Gordon, also known as “Whipped Peter,” was an escaped American slave who became known as the subject of photographs documenting the extensive keloid scarring of his back from whippings received in slavery. The “scourged back” photo became one of the most widely circulated photos of the abolitionist movement during the American Civil War and remains one of the most famous photos of that era.
During the examination, Gordon said: “Ten days from today I left the plantation. Overseer Artayou Carrier whipped me. I was two months in bed sore from the whipping. My master come after I was whipped; he discharged the overseer. My master was not present. I don’t remember the whipping. I was two months in bed sore from the whipping and my sense began to come—I was sort of crazy. I tried to shoot everybody. They said so, I did not know. I did not know that I had attempted to shoot everyone; they told me so.”
“I burned up all my clothes, but I don’t recall that. I never was this way (crazy) before. I don’t know what makes me come that way (crazy). My master come after I was whipped; saw me in bed; he discharged the overseer. They told me I attempted to shoot my wife the first one; I did not shoot anyone; I did not harm anyone. My master’s Capt. John Lyon, cotton planter, on Atchafalya, near Washington, Louisiana. Whipped two months before Christmas.”
Dr. Samuel Knapp Towle, Surgeon, 30th Regiment of Massachusetts Volunteers, wrote in a letter about meeting Gordon. He had expected him to be vicious due to the whip scars on his back. Instead, he said, “he seems INTELLIGENT and WELL-BEHAVED.” Other physicians, like J.W. Mercer, Asst. Surgeon 47th Massachusetts Volunteers as well as a surgeon of the First Louisiana regiment said in 1863 that they had seen many backs like this and that when people talked of humane treatment of blacks, the photo of Gordon’s back told the true story.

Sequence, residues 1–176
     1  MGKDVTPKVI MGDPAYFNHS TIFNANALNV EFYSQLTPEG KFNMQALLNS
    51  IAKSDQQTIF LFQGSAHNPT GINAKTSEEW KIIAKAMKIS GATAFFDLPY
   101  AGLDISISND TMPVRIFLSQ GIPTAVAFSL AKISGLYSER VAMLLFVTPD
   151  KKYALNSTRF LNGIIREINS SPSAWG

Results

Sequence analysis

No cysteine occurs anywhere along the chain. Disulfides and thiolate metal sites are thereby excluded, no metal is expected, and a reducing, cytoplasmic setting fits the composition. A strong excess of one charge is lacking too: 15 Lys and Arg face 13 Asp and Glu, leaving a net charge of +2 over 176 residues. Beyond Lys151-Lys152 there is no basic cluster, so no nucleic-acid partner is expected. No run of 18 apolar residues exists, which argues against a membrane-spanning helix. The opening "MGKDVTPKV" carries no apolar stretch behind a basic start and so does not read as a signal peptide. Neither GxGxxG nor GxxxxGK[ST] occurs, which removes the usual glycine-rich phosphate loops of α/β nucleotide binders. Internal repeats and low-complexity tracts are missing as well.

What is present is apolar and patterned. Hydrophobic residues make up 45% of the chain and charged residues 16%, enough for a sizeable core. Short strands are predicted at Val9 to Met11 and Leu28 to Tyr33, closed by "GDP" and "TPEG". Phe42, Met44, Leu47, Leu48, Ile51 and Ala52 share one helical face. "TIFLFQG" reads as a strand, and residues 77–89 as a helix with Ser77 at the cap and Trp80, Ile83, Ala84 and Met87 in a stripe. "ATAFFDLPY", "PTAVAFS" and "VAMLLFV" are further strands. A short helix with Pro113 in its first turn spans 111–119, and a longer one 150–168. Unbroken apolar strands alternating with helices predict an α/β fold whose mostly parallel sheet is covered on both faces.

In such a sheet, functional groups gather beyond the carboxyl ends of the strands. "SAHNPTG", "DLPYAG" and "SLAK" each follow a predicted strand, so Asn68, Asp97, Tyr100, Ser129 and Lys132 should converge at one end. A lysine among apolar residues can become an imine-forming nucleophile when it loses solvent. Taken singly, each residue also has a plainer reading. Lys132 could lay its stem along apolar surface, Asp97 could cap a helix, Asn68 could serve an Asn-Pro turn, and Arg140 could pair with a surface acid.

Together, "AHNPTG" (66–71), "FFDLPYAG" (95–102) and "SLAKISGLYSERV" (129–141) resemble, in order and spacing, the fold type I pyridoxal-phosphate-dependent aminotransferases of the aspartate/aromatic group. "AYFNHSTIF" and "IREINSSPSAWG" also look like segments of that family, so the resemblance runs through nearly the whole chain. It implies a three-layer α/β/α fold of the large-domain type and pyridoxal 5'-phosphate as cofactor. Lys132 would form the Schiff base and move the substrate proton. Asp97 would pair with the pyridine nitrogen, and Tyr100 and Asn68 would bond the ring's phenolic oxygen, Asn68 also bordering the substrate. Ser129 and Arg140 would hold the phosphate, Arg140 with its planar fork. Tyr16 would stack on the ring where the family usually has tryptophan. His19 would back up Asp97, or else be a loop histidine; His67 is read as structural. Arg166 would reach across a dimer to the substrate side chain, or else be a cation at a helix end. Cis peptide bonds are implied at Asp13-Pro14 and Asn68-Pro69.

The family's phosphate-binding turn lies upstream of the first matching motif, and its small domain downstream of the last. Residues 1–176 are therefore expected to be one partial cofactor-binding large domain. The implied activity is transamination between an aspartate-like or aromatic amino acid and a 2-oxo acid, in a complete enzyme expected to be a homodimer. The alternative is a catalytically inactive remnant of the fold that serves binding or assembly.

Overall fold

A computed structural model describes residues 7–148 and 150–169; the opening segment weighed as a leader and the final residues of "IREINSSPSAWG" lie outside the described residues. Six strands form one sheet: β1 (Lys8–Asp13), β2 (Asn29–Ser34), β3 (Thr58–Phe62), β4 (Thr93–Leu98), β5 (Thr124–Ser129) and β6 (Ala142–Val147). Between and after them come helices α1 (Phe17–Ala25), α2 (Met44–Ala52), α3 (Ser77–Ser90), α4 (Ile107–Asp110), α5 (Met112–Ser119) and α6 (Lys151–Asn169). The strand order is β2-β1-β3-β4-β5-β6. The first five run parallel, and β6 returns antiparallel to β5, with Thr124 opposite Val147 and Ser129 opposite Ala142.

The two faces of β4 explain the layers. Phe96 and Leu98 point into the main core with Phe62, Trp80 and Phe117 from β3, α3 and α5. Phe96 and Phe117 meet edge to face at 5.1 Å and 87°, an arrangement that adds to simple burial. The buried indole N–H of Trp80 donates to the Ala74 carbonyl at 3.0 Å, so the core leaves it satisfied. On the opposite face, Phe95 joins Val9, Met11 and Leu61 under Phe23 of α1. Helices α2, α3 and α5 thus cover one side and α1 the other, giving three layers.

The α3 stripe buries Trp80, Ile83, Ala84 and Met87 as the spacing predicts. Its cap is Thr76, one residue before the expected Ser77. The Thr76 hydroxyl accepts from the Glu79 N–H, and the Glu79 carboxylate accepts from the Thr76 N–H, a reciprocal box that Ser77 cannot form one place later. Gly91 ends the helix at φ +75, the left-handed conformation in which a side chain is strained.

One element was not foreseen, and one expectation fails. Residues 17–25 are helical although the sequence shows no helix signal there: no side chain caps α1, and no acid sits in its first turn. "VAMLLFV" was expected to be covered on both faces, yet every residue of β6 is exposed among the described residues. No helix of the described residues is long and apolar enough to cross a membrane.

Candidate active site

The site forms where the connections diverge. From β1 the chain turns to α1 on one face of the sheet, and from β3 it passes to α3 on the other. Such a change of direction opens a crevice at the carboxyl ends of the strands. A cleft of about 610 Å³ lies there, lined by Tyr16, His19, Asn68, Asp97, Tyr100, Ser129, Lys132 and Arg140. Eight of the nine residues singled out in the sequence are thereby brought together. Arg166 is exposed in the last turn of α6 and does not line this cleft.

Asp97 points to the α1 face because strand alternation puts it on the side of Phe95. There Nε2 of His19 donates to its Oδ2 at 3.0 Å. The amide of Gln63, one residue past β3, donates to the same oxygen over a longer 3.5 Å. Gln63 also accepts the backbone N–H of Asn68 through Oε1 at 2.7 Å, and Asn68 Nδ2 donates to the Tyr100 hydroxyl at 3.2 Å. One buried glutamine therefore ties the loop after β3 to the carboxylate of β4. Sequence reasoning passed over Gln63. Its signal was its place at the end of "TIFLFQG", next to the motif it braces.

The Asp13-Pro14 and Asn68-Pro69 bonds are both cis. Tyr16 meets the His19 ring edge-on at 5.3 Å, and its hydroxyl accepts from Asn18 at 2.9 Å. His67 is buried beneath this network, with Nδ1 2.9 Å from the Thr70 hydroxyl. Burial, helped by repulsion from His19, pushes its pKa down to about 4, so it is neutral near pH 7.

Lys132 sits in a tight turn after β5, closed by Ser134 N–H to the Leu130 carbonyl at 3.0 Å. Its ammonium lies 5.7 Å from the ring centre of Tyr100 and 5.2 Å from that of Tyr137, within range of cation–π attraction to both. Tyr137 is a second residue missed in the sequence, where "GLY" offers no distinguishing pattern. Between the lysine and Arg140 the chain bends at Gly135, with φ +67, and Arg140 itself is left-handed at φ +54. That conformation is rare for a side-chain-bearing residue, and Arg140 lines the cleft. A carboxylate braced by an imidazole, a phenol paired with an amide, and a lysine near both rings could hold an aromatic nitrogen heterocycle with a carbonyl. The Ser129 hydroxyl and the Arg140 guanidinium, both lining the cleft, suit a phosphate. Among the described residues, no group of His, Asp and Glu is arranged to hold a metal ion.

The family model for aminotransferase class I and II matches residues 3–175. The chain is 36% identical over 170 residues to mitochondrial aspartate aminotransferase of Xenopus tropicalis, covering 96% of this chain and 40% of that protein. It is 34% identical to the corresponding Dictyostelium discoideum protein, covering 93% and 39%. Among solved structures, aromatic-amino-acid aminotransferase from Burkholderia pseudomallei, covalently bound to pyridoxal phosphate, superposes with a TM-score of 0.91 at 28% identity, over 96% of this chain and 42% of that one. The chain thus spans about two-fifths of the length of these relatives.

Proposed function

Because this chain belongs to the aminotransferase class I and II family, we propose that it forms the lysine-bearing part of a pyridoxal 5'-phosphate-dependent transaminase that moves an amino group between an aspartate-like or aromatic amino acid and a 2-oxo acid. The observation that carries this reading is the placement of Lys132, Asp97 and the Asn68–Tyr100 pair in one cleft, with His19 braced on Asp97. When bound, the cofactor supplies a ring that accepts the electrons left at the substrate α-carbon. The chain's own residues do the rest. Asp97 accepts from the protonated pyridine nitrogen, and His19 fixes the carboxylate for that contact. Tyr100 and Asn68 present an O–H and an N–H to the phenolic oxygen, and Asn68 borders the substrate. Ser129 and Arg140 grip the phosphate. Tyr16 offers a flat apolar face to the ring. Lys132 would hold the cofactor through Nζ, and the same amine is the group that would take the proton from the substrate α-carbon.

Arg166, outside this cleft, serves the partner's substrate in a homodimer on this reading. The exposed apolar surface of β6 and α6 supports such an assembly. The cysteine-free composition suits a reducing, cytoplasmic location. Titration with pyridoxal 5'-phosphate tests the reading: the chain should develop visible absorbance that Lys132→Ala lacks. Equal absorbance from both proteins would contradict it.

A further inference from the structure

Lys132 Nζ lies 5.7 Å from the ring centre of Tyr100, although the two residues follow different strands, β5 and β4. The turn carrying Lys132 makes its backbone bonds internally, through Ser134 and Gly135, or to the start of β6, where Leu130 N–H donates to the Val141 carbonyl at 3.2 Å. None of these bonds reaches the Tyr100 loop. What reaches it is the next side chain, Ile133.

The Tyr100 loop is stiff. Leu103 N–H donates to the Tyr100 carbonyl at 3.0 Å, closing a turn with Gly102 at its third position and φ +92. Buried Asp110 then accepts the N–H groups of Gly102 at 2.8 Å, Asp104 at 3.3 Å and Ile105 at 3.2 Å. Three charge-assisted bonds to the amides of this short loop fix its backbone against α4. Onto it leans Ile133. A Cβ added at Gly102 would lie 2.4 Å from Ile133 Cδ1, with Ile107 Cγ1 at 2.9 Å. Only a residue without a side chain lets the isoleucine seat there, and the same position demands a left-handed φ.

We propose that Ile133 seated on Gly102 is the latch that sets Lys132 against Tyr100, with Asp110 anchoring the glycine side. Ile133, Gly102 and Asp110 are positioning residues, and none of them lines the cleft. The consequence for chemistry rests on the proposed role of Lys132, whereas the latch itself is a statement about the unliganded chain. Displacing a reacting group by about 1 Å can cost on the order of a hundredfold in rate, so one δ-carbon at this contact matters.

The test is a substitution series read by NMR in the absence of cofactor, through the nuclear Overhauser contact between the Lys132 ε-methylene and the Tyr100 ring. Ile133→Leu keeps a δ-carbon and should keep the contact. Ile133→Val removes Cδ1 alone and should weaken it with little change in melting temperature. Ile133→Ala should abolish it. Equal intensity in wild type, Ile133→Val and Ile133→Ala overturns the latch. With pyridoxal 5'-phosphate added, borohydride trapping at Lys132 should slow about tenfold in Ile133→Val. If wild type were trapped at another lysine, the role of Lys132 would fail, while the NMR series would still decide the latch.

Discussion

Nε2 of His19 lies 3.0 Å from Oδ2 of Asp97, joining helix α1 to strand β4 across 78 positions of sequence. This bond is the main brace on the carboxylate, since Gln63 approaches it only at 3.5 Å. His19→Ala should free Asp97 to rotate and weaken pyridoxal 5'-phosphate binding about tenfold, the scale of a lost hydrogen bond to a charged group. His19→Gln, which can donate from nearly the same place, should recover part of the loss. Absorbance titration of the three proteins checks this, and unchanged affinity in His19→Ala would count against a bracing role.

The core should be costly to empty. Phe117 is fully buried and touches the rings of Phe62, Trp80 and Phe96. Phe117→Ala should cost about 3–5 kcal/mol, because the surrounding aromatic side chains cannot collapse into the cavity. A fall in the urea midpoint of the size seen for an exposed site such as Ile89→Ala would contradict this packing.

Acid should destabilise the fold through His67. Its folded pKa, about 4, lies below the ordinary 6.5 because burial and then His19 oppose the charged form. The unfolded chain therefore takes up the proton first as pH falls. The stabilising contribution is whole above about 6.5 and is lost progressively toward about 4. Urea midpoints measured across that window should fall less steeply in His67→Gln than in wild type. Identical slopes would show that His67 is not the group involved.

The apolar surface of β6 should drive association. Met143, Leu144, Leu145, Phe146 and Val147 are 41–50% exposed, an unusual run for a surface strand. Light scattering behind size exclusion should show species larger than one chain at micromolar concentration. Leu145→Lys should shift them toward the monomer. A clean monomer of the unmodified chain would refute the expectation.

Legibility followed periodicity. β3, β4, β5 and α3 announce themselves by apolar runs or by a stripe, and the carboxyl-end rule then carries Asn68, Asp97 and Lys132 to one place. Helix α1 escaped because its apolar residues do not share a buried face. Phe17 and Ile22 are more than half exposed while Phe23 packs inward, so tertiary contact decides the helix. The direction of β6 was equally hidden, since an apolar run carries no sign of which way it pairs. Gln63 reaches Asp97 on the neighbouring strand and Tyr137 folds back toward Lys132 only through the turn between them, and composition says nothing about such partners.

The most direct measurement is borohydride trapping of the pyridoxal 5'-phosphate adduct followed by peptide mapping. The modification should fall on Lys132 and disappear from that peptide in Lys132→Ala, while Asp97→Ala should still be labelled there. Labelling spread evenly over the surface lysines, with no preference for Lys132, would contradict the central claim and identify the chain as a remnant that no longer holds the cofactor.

The New York Times writer Joan Paulson Gage, noted, “The images of Wilson Chinn in chains, like the one of Gordon and his scarred back, are as disturbing today as they were in 1863. They serve as two of the earliest and most dramatic examples of how the newborn medium of photography could change the course of history.”
On Independence Day 1863, these images appeared in an article about Gordon published in Harper’s Weekly, the most widely read journal during the Civil War. The pictures of Gordon’s scourged back provided Northerners with visual evidence of the brutal treatment of enslaved people and inspired many free blacks to enlist in the Union Army.
Gordon joined the Union Army as a guide three months after the Emancipation Proclamation allowed for the enrollment of freed slaves into the military forces. On one expedition, he was taken prisoner by the Confederates; they tied him up, beat him, and left him for dead. He survived and once more escaped to Union lines.
Gordon soon afterward enlisted in a U.S. Colored Troops Civil War unit. He was said by The Liberator to have fought bravely as a sergeant in the Corps d’Afrique during the Siege of Port Hudson in May 1863. It was the first time that African-American soldiers played a leading role in an assault.
It’s unclear what Gordon did during the rest of the war, or what his life was like after the Civil War came to an end. Though slavery had been abolished, he—and the others who had been subjugated, beaten, and demeaned during hundreds of years of slavery in the Americas—still bore the scars of enslavement.